Bach Global Lifestyle What Are You Really Feeling Your Guide To Facing your Fears 1440x400

What are you really feeling - Your guide to anticipation

If Christmas is the most wonderful time of the year, then January can be the strangest. On the one hand, we all feel a little glum because Christmas is over, we’ve got no money, a few extra pounds and a whole lot of work to do. On the other, there’s a running theme that we need to kick start the year in full force by starting new hobbies, being healthy, meeting friends, going out and being positive. But all of that is what happens during a ‘normal year’. How do you kick start 2021 in the midst of a global pandemic and how do you anticipate the best for your future? Bach™ Original Flower Remedies has a few tips to help you better grasp your emotions and deal with anticipation throughout the year.

Regulating your emotions:

We all try to regulate our emotions on a day to day basis – when we’re sad, we might watch a cheesy movie to cheer ourselves up, when we’re angry, we might take a moment to breathe or go for a walk to calm down, when we’re happy and excited we try to enjoy the moment and laugh – but it’s not always so easy. Sometimes our feelings can get confused and it can be difficult to deal with more challenging situations. So how can we learn to balance our emotions intuitively? The first step is to be able to pin-point exactly what you are feeling and how it is affecting you in the moment.

Wheel of emotions:

According to research, humans can experience around 34,000 emotions. With so many emotions, how can we possibly begin to understand how we are feeling and know how to deal with those feelings? An American psychologist, Dr Robert Plutchik simplifies these emotions into eight primary emotions which are the basis for other emotions: joy, sadness, acceptance, disgust, fear, anger, surprise and anticipation. By using Plutchik’s emotional wheel, you might find identifying your mixed emotions a little easier, which will in turn help you in regulating and balancing them. Here is a link to an interactive version of Plutchik’s emotional wheel. Take a moment to look at the wheel and see how different emotions interact with each other. Can you think of any moments in your life where you’ve felt a wheel of emotions? How are you feeling right now and how is that feeling playing into other associated emotions?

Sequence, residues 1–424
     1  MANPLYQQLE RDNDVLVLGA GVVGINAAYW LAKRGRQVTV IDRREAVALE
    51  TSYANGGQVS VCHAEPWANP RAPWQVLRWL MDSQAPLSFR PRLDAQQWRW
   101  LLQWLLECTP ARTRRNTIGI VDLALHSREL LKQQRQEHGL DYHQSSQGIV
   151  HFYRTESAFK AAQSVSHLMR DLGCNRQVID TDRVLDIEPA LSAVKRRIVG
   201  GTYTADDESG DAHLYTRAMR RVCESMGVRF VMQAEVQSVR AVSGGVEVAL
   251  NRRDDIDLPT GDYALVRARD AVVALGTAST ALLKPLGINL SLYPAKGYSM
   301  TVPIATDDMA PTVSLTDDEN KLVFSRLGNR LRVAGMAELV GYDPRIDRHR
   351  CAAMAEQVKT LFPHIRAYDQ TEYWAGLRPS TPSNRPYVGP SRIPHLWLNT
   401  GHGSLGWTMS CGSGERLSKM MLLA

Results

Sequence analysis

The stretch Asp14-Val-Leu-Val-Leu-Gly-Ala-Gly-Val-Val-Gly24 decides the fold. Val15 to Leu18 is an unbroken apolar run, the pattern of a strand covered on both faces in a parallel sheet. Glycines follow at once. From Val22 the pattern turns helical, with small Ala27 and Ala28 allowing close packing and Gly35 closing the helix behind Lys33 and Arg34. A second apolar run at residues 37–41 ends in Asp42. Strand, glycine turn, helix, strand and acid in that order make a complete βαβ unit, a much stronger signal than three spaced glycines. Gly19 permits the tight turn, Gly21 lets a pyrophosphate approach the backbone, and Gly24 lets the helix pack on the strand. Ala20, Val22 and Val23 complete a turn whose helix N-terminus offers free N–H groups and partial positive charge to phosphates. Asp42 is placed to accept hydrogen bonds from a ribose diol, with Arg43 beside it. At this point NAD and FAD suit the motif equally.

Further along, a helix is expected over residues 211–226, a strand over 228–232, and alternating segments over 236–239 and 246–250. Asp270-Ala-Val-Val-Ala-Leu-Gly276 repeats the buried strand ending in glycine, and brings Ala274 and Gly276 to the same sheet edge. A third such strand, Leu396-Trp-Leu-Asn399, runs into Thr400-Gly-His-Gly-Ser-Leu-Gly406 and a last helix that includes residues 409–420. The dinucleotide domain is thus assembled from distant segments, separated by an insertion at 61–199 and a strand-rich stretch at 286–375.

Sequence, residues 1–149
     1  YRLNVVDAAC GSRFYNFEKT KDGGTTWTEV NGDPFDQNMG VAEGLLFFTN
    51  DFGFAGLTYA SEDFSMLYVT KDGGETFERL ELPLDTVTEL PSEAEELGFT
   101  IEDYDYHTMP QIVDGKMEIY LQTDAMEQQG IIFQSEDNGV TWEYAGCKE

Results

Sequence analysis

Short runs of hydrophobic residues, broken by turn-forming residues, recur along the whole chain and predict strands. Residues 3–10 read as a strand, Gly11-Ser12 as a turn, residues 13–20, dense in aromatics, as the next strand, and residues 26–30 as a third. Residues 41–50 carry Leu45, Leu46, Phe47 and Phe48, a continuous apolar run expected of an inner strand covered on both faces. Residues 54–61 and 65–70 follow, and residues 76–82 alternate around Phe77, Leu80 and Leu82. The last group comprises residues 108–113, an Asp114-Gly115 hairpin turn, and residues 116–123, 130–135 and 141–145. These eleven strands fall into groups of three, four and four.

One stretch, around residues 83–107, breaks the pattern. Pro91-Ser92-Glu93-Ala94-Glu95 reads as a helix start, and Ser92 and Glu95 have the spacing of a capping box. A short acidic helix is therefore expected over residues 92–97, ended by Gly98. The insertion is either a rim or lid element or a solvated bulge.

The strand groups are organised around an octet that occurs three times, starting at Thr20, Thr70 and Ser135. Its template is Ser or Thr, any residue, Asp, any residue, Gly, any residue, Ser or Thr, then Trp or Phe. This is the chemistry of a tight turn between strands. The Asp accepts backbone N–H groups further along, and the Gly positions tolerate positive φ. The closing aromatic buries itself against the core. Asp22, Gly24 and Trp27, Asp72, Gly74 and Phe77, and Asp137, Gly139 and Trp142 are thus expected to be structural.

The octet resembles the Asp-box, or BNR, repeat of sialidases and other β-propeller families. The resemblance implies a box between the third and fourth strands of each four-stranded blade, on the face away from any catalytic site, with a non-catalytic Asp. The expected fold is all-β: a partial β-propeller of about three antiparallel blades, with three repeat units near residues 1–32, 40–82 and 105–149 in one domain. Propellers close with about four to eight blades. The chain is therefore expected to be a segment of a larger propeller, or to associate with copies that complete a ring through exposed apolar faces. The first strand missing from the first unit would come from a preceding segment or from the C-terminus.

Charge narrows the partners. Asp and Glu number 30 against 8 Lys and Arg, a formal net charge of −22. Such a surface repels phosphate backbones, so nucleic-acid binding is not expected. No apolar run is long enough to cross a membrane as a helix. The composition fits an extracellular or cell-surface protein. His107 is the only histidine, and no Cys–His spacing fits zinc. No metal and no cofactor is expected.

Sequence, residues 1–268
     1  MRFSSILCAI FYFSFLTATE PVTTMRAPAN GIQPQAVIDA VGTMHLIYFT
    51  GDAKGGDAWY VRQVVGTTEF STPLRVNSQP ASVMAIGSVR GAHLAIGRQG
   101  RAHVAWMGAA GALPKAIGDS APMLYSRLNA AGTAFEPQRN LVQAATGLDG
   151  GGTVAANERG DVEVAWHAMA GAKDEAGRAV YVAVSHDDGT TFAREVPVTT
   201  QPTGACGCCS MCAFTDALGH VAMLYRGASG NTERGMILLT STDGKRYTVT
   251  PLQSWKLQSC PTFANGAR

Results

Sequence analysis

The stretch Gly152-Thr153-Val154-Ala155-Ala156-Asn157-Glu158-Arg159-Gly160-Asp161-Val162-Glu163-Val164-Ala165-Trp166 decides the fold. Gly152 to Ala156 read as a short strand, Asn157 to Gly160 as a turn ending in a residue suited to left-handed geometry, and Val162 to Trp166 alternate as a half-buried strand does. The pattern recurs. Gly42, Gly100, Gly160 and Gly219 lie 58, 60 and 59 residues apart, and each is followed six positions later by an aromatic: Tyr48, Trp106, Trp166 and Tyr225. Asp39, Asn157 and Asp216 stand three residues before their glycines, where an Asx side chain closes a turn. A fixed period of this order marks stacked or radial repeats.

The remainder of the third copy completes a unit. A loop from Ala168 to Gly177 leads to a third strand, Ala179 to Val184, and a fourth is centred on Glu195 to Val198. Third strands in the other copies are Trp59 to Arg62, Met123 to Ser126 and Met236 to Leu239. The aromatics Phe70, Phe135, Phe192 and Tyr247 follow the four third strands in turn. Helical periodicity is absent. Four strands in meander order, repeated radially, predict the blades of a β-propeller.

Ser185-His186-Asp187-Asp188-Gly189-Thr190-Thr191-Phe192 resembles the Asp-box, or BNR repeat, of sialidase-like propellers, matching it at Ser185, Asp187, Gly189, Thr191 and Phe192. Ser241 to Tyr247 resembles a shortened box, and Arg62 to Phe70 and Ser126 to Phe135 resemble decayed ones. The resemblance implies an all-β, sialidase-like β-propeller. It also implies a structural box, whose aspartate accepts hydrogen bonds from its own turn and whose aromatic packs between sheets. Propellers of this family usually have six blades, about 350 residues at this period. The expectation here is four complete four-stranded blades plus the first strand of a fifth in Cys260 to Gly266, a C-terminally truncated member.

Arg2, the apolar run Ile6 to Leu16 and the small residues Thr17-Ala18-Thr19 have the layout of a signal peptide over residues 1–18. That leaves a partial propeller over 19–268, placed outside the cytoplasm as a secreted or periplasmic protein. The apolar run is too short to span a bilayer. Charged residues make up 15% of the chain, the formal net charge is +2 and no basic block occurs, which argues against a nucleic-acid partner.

The meaning of anticipation:

Anticipation is one of the primary emotions in the emotional wheel, and it can both be a good and a bad thing. Getting to grips with your different emotional states can help you understand what effect anticipation is having on your mind and body. When looking at the emotional wheel, you can see how anticipation sits in between joy and anger and can extend either into interest or vigilance. This in turn can lead to feeling more optimistic about situations or can lead to aggression if it veers towards annoyance and frustration. Whenever you’re feeling anticipation, take a moment to think about where you are in the wheel. Is this anticipation excitement, or is it worry?

Emotional decision making:

When we lose control of our emotions, making decisions can become more difficult. When making important decisions in your life, you might have heard people ask you if you are thinking with your heart or with your head. Though we might know, rationally, what the best decision for us would be, it is human nature to want to follow our hearts instead. And that’s not a bad thing! Feeling emotion and using it to guide you in life can lead to higher feelings of fulfilment, however it is can also be a bit of a gamble sometimes. Learning how to make the distinction between emotional and rational decision making might help you deal with anticipation, as you’ll have a clearer view of what you want. 

Managing expectations:

One of the main things that can cause a feeling of anticipation is our expectation about how things will turn out, our fear of disappointment – will things go well, will we achieve success, or will things go wrong? But this feeling can be made even worse if we don’t know what we’re expecting.

To better grasp what you might go through in 2021, try to make a list of goals or aspirations – things you’d like to achieve – but avoid treating them like big resolutions. The main rules here are to be specific and to be realistic. It’s easy to say ‘I want to be healthier this year’, but how can you really implement changes in your life to make that happen? Start on the smaller scale, think of all of the little things you can do to help reach that goal and write them down.

Though we know we won’t be able to do everything in 2021 that we missed out on in 2020, try not to let those things you can’t do bring you down. Instead, focus on what you can do. If you aren’t able to go away on holiday this Spring, what can you do with your time instead? Could you book a glamping trip nearby? Could you use the money you would have spent on a holiday to enrol in a new class? Believing in yourself and planning will help you be more optimistic, manage your expectations for the year and reduce the negative effects that can be caused by anticipation.

The World of Bach